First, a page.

your  wine glass.  Not only are they great to keep your wine glass cozy,

It's also great to remember which glass is yours--if you sit it down at
a party!

Another gift from friend Judy M were these adorable pillow covers!
she loved the fabric for herself but she thought of me
and my love of sheep and gave from her heart..........

how super dear these are to me!
Thanks so much Judy M!

Would like to find this fabric and gift it to her at a later date--
looking hard............
Always, fun to receive gifts.....
but I also like to gift............
may your heart be filled with lots of gifting and receiving!

Thursday, February 16, 2017

Traveling Mississippi Gulf Coast

On our recent journey to Florida for our spinning conference, we stopped into the 
Mississippi Visitors Center, along Interstate 10.  I don't think we have ever
stopped here in the past 10 years--

Most people just hurry inside to use the facilities, but I walk around to see what
is on the grounds as every rest stop is different.  This one had lovely birds
perched in the tree tops

These birds were hand carved with chain saws and upon
further investigation, I learned the story behind these marvelous
sculptures

After Hurricane Katrina, which was so disastrous to the Gulf Coast,
many of the lovely oaks and other hard wood trees stood bare
and naked to the sky.
Thank goodness, there are some who know what it feels like to be
striped of all dignity as many folks who lost their homes, these
trees stood as a reminder of the days that passed.

In true fashion, people rally behind those less fortunate and assist them to
rebuild their lives--such was the case of Marlin and Preston Miller--a father
and son team who took upon themselves the task of giving hope to those
who languished in this horrible storm. 
I was humbled to see these structures and reflected on that time in history.


Wednesday, February 15, 2017

Quilt Con East

What a wonderful place to be for Quilt Con East--
Savannah, Georgia!  A lovely setting for a great event!



As someone who has attended Quilt Con twice, this is an event not to be missed!


Tuesday, February 14, 2017

St. Valentine's Day

The history of Valentine’s Day–and the story of its patron saint–is shrouded in mystery. We do know that February has long been celebrated as a month of romance, and that St. Valentine’s Day, as we know it today, contains vestiges of both Christian and ancient Roman tradition. But who was Saint Valentine, and how did he become associated with this ancient rite?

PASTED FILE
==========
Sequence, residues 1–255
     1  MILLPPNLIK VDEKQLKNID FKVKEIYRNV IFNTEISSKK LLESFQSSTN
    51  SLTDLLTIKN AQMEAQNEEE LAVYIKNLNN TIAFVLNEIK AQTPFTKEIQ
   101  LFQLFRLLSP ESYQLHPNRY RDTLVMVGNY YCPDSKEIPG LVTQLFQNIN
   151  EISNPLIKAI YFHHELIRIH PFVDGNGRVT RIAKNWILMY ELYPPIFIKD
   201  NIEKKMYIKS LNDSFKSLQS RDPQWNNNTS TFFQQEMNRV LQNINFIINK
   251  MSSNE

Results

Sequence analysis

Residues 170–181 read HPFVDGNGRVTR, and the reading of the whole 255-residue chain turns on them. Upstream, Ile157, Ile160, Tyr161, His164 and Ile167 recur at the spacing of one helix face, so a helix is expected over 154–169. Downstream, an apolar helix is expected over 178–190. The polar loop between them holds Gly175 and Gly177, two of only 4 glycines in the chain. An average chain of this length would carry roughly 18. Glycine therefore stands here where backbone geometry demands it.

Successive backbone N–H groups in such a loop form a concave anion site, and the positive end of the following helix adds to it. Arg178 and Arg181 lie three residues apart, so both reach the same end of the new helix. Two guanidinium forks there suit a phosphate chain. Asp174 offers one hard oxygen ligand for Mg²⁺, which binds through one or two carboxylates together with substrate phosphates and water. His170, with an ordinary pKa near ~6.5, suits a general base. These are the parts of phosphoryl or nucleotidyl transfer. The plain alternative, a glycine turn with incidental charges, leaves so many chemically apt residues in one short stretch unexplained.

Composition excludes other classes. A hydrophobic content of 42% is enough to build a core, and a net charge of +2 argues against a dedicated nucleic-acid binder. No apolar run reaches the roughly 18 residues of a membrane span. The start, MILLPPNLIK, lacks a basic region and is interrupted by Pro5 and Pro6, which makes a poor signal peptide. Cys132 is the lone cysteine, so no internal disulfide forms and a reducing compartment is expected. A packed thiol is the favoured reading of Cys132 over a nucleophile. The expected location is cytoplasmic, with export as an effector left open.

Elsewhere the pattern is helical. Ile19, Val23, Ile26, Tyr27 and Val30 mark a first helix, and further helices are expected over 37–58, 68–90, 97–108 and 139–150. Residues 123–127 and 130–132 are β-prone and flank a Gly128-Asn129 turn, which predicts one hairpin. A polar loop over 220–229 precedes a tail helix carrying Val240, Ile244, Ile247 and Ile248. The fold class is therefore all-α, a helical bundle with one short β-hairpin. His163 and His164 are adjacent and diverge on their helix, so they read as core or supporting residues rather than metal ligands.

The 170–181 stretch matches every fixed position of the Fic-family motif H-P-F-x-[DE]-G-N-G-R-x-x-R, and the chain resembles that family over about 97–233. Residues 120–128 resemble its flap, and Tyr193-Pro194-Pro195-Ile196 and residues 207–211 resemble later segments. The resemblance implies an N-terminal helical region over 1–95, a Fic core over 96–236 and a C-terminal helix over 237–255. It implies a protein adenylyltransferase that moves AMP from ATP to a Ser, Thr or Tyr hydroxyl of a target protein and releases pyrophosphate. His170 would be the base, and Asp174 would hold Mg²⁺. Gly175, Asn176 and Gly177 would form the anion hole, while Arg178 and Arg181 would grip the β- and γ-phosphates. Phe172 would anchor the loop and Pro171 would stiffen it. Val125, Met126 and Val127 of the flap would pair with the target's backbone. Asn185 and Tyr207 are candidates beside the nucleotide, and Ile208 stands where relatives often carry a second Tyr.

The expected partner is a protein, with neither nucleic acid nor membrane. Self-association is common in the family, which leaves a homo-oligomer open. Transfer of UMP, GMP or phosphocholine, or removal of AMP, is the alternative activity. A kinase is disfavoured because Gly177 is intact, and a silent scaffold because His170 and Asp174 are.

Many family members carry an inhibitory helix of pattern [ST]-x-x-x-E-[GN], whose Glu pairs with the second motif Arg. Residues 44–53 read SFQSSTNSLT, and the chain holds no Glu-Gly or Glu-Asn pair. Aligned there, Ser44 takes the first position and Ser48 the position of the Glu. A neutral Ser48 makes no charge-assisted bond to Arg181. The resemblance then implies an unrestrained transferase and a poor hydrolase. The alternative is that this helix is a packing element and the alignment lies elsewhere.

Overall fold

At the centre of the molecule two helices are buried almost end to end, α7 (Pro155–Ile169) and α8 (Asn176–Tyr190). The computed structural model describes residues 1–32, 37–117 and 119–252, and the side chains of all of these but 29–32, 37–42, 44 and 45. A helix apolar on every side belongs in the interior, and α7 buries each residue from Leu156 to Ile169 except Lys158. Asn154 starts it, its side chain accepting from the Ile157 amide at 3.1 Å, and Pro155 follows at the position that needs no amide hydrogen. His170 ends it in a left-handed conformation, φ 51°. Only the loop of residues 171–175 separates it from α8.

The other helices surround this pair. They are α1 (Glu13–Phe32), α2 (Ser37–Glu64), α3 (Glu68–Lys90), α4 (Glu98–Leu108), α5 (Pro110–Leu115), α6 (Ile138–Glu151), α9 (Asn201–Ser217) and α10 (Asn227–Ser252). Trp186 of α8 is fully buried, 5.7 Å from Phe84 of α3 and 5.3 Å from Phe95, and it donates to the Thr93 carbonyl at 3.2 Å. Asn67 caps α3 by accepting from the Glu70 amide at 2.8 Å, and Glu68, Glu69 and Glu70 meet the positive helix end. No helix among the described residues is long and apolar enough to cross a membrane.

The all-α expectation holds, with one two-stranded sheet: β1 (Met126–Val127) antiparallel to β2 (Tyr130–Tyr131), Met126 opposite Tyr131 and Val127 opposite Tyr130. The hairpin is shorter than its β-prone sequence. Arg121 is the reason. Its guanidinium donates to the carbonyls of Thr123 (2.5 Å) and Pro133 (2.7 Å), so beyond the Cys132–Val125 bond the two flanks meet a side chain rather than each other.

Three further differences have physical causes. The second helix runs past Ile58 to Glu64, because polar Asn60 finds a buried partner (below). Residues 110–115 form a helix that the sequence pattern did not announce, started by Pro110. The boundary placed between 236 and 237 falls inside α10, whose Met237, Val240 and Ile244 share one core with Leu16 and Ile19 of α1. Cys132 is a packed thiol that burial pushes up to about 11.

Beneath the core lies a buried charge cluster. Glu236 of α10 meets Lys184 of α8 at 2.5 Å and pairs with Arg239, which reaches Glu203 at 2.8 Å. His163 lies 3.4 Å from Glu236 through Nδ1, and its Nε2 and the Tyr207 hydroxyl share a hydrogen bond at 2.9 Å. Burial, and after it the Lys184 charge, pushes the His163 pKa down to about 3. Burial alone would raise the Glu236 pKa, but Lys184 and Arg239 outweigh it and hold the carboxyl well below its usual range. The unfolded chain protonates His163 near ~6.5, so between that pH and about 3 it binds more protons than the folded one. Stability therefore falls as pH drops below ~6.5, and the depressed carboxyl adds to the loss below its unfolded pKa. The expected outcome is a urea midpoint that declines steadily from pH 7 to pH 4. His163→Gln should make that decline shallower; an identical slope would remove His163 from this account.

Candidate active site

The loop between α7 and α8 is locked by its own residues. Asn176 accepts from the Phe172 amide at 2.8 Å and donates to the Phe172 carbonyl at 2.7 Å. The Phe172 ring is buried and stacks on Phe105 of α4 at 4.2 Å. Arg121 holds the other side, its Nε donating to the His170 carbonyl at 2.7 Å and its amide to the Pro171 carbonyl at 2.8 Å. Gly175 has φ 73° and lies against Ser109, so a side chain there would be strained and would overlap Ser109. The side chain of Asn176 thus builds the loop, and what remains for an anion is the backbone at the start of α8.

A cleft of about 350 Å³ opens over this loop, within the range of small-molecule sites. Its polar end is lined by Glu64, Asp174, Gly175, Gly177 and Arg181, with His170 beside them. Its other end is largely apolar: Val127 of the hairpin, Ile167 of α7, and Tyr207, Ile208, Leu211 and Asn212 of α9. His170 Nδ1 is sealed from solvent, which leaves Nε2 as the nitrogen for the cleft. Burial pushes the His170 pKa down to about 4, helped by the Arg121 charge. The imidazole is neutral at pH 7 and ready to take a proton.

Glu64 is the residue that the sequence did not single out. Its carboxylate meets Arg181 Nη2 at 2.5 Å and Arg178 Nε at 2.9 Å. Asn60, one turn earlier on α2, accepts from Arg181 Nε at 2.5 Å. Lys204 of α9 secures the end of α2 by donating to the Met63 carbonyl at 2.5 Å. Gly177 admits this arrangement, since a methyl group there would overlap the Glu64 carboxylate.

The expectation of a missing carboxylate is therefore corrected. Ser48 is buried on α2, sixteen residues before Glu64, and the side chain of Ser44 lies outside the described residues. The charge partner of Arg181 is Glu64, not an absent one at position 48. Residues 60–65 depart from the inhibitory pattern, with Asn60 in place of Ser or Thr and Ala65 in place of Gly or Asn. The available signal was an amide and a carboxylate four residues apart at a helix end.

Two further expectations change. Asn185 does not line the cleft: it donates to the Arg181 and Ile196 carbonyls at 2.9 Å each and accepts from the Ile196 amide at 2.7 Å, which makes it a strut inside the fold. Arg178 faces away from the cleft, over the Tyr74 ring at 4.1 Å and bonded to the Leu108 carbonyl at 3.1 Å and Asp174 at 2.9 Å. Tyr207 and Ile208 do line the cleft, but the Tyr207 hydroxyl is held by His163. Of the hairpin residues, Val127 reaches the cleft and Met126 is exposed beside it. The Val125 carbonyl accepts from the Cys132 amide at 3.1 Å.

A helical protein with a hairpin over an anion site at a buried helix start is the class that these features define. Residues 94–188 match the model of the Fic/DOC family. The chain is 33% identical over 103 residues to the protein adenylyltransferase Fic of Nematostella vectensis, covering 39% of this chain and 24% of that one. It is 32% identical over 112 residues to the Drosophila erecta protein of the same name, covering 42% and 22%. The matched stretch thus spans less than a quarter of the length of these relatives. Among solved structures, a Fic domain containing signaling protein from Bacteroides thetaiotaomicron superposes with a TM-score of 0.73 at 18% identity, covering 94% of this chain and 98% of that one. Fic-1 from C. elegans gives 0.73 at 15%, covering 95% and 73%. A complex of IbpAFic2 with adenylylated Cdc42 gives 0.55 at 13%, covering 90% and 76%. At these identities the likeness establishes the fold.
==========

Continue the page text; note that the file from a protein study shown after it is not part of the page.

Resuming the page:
The Catholic Church recognizes at least three different saints named Valentine or Valentinus, all of whom were martyred. One legend contends that Valentine was a priest who served during the third century in Rome. When Emperor Claudius II decided that single men made better soldiers than those with wives and families, he outlawed marriage for young men. Valentine, realizing the injustice of the decree, defied Claudius and continued to perform marriages for young lovers in secret. When Valentine’s actions were discovered, Claudius ordered that he be put to death.
Other stories suggest that Valentine may have been killed for attempting to help Christians escape harsh Roman prisons, where they were often beaten and tortured. According to one legend, an imprisoned Valentine actually sent the first “valentine” greeting himself after he fell in love with a young girl–possibly his jailor’s daughter–who visited him during his confinement. Before his death, it is alleged that he wrote her a letter signed “From your Valentine,” an expression that is still in use today. Although the truth behind the Valentine legends is murky, the stories all emphasize his appeal as a sympathetic, heroic and–most importantly–romantic figure. By the Middle Ages, perhaps thanks to this reputation, Valentine would become one of the most popular saints in England and France.

While some believe that Valentine’s Day is celebrated in the middle of February to commemorate the anniversary of Valentine’s death or burial–which probably occurred around A.D. 270–others claim that the Christian church may have decided to place St. Valentine’s feast day in the middle of February in an effort to “Christianize” the pagan celebration of Lupercalia. Celebrated at the ides of February, or February 15, Lupercalia was a fertility festival dedicated to Faunus, the Roman god of agriculture, as well as to the Roman founders Romulus and Remus.